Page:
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New here, dunno how to start this off so I guess I'll start by introducing my dog.

 

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Her names Marla, shes about 5 months old we believe, got her from a humane society about a month and a half ago, started taking her to a puppy class ect. Oh, and shes a shorthair :rolleyes:

 

So anyways, I have 2 questions.

 

Is it good to start Agility as soon as possible, or would there be a certain age that would be best for her to start learning at?

 

Also, I've heard about Rally O, and its something like a mix between obedience and agility? From what I've heard, could anyone shed some light on this?

 

Thanks, looking forward to being able to contribute here.

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Welcome! She is REALLY cute :D

 

I'm not that familiar with Rally-O. I've been told it's a lot more fun version of obedience though. Youtube has videos of people and their dogs competing in it, if you want to watch some of it.

 

Agility is what I compete and train in. I really love the sport and will push it because I'm partial to it :rolleyes: Marla is a bit young to do full on agility training. Most dogs should wait until they are between a year and 14 months to train at full height, but even then it should be gradual so the dog can gain endurance and strength. With that being said though, you can start her foundation training now and build up to full training gradually. I have an 11th month old I've had in puppy agility training classes since he was 7 months. He started out doing no height on the jumps, the dog walk only 12" off the floor, A-frame was only a few feet tall in the center, etc. The class teaches all the foundation skills and lots of training exercises that will be transfered to actual agility training later on. The obedience and handling skills are as important as the dogs ability to do the obstical. It's a fun way to bond with your pup!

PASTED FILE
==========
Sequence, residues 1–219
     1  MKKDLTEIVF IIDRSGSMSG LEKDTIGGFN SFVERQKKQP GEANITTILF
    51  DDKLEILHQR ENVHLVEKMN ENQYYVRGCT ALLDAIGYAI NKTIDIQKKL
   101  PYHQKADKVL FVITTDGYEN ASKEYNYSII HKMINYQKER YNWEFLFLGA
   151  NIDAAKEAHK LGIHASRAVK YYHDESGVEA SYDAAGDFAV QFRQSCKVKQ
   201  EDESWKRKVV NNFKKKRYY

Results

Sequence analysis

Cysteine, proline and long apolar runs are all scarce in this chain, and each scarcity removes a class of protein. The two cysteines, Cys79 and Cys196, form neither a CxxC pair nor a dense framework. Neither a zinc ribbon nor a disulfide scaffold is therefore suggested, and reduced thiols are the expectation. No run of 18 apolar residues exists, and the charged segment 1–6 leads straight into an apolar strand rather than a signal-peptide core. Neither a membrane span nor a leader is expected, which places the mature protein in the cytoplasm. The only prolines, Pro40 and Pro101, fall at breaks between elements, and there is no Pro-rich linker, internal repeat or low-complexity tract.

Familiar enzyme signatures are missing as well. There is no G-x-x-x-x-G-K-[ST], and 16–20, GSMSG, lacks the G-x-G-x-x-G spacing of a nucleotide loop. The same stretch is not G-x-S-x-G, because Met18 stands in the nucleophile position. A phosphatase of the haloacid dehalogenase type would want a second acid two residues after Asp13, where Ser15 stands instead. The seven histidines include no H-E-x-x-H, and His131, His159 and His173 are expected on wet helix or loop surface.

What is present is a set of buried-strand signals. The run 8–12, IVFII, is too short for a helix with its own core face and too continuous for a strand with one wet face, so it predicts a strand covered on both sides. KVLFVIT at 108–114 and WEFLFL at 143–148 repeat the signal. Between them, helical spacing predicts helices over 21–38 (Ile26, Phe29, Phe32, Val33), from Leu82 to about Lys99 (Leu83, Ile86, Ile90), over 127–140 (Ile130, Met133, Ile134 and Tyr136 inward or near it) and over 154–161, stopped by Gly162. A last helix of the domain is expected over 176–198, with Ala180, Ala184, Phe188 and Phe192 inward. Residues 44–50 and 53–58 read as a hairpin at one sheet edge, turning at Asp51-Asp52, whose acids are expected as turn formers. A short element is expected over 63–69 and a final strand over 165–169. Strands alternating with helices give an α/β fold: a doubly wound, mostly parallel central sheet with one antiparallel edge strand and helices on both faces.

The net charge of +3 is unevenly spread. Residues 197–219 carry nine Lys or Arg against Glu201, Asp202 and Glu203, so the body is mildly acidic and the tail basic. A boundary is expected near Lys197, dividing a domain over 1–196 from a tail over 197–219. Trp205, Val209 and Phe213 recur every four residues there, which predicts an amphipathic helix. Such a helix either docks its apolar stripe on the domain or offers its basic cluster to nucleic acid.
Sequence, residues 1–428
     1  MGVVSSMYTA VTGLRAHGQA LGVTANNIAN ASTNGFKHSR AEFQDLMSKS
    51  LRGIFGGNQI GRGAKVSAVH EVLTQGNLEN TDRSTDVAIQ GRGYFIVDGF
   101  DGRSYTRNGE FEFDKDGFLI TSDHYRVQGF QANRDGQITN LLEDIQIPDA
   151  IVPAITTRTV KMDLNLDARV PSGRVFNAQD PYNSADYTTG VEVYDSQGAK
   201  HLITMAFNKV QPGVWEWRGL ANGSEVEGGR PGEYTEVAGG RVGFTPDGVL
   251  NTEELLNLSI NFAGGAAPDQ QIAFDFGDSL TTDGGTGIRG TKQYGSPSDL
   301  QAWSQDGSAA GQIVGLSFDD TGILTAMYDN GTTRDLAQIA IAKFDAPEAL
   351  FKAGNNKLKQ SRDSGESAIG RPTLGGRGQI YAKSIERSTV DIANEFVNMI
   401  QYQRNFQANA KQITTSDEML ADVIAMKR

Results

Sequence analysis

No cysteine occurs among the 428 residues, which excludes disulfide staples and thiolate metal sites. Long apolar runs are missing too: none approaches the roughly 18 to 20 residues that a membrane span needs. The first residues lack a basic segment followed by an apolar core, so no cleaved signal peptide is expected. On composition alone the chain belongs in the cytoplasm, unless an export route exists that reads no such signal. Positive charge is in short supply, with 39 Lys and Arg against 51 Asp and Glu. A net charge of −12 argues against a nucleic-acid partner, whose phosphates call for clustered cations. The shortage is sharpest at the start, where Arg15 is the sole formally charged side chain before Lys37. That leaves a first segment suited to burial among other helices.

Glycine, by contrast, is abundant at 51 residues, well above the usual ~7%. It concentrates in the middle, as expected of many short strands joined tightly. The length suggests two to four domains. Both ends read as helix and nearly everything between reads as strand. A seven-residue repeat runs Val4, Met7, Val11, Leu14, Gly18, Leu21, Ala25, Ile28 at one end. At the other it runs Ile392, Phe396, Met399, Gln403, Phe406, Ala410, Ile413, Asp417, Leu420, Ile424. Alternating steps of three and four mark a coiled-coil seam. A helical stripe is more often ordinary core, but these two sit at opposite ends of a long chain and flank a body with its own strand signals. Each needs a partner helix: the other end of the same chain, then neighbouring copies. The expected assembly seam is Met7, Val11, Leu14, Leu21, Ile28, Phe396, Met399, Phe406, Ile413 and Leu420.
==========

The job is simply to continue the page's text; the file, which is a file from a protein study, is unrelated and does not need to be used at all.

Either way, have fun training. There is nothing more rewarding than being a working team :D

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My dog and I compete in APDT Rally. Check out the APDT website for lots more information. It's not really a combination of obedience and agility. It's kind of a more casual version of competive obedience with a wider variety of exercises. You heel your dog through a course with like 15-20 stations and at each one do the exercise on the sign. There are lots of different signs, using the traditional obedience exercises of sits, down, stands, stays and heeling exercises in different patterns. I think it's great fun! AKC and UKC have rally competitions also, but I don't compete in those--I think they're pretty similar though.

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Marla is a doll! She's too young to train or compete in agility but certainly old enough for agility foundation exercises. I don't compete in Rally but it does look like more fun than regular obedience (and from what I could see at the one event I attended), it looks like the Q rate is much higher!

Barb S

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Is it good to start Agility as soon as possible, or would there be a certain age that would be best for her to start learning at?